How Much Money Does a Gemologist Make?

Gemologists may accompany buyers to precious stone auctions.

For a career of sparkle and lustre -- or, at least, of judging them -- an individual may consider a livelihood as a gemologist. Gemologists appraise precious stones, using expert knowledge to determine the origin, cut and worth of diamonds, emeralds, rubies and other collectible gems. They use specialized mechanical and computerized machinery to grade stones and make reports certifying their authenticity.


Average Pay

For the purposes of its survey of national employment trends carried out in May 2010, the U.S. Bureau of Labor Statistics categorized gemologists alongside other precious stone and metal workers such as diamond graders, polishers, appraisers and jewelers. It concluded that the mean annual salary across this professional grouping was $38,520, equivalent to an hourly pay rate of $18.52. Practitioners within the top 10 percent of earners received more than $61,380 a year, while those in the corresponding bottom bracket achieved salaries of less than $19,460. At the time of publication, the Indeed website put the average yearly wage within gemology at $33,000.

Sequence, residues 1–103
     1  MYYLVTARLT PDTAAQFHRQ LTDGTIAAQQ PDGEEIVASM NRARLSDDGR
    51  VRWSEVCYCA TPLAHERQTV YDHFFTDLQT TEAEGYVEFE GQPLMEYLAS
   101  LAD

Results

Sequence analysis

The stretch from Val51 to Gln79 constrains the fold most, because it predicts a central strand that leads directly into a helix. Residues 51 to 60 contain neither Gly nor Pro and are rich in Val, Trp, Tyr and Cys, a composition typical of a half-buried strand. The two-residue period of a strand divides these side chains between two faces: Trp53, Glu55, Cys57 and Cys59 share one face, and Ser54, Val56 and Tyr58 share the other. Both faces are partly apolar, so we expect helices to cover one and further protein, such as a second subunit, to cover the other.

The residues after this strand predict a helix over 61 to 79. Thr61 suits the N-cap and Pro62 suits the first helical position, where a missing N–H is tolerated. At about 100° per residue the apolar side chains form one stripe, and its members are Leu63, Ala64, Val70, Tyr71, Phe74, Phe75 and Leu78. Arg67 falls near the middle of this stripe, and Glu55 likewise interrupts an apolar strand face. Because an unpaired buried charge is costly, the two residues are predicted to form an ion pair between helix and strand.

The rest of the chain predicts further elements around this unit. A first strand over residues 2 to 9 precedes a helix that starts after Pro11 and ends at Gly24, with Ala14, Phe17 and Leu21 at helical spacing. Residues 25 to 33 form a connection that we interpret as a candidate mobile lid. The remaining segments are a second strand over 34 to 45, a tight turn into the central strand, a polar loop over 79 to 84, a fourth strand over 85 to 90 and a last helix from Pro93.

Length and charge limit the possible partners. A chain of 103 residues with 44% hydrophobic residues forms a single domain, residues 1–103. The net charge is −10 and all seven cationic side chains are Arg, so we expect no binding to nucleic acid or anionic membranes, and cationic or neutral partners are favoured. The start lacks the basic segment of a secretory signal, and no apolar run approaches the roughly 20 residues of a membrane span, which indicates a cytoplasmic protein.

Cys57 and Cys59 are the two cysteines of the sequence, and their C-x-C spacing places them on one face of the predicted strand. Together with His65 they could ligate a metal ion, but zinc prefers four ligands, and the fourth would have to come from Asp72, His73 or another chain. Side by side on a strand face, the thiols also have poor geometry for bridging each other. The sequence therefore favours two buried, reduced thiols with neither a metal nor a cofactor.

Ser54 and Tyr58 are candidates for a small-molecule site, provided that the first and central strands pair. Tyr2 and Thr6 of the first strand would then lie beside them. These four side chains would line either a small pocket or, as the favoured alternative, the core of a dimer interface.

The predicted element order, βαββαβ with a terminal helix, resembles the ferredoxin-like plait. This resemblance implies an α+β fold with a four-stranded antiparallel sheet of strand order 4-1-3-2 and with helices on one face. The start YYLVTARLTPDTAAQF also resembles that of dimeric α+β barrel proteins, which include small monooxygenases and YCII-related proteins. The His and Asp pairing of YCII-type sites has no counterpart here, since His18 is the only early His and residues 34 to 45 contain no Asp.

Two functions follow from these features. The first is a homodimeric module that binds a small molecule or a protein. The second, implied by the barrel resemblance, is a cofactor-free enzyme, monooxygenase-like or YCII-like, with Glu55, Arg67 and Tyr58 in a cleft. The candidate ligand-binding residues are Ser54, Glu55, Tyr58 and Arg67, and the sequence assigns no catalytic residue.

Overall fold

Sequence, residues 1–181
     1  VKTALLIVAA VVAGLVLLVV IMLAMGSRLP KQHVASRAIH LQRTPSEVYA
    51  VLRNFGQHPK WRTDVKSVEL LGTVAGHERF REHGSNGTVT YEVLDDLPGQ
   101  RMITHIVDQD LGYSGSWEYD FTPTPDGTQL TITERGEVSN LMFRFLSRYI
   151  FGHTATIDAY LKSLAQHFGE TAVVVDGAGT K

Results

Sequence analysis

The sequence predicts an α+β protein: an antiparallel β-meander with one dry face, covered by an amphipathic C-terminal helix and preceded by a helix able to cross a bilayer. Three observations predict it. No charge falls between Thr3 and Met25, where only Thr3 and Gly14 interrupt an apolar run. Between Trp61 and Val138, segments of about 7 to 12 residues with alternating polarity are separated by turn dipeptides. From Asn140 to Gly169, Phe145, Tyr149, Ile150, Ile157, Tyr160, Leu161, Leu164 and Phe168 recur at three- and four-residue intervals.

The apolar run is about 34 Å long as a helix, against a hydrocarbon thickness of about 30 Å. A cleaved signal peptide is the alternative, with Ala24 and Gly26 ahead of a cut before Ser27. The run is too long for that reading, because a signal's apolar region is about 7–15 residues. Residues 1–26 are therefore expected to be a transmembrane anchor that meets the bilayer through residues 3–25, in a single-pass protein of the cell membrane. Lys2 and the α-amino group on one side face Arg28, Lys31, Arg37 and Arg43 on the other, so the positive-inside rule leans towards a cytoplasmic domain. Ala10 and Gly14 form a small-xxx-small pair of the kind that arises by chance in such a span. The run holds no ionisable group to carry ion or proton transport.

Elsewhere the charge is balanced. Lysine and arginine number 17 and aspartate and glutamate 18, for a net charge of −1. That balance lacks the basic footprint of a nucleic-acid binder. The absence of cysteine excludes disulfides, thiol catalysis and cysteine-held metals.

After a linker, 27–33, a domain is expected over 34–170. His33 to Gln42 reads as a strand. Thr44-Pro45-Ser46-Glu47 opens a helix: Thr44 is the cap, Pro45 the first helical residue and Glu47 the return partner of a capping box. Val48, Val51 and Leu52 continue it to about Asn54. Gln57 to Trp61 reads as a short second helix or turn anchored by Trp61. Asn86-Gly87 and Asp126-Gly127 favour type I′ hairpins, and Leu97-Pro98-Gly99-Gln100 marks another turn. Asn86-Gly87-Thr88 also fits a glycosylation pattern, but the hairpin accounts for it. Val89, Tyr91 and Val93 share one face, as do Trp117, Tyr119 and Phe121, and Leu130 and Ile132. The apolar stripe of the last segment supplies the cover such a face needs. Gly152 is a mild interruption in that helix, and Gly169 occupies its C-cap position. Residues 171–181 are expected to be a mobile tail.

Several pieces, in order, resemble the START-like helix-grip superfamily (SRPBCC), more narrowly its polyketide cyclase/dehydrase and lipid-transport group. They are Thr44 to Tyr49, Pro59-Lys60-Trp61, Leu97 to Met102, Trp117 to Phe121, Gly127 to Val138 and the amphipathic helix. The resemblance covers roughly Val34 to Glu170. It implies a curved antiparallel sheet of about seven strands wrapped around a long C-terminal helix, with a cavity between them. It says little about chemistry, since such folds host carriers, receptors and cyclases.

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Pay by Industry

The largest number of gemologists and other precious stone workers are employed, according to the bureau's figures, within jewelry, luggage and leather goods stores. The bureau listed the mean yearly wage within this sector of the industry as $41,590. Within other miscellaneous manufacturing, the rate was $35,150, while individuals employed within specialized design services earned a mean of $32,440. Among the highest-paying sectors of the industry were professional, scientific and technical services -- for instance, a gemologist working as a consultant -- in which the mean salary was $60,650; and coating, engraving, heat treating and allied activities, which was listed at $46,220.


Pay by Location

Location can also influence the contents of a gemologist's pay packet. The bureau listed Connecticut as the state in which a gemologist, as well as other precious stone workers, was likely to receive the highest wages, with a mean of $53,860. Minnesota and New Jersey were also listed as lucrative locales, with respective means of $48,490 and $45,660. Rhode Island and Florida had similar pay rates -- $37,340 and $36,760 – while New Mexico was amongst the lowest-paying states, with a mean of just $28,660.



The Bureau of Labor Statistics expects to see a rise of around 5 percent in employment opportunities for precious stone workers of all kinds, including gemologists, over the decade from 2008 to 2018. This compares with a growth rate of between 7 and 13 percent posted for the country as a whole across all occupations. As such, gemologists should see wage levels for their profession remain steady over the coming years, particularly as there should be a decent number of vacancies given the large number of practitioners expected to retire through 2018.


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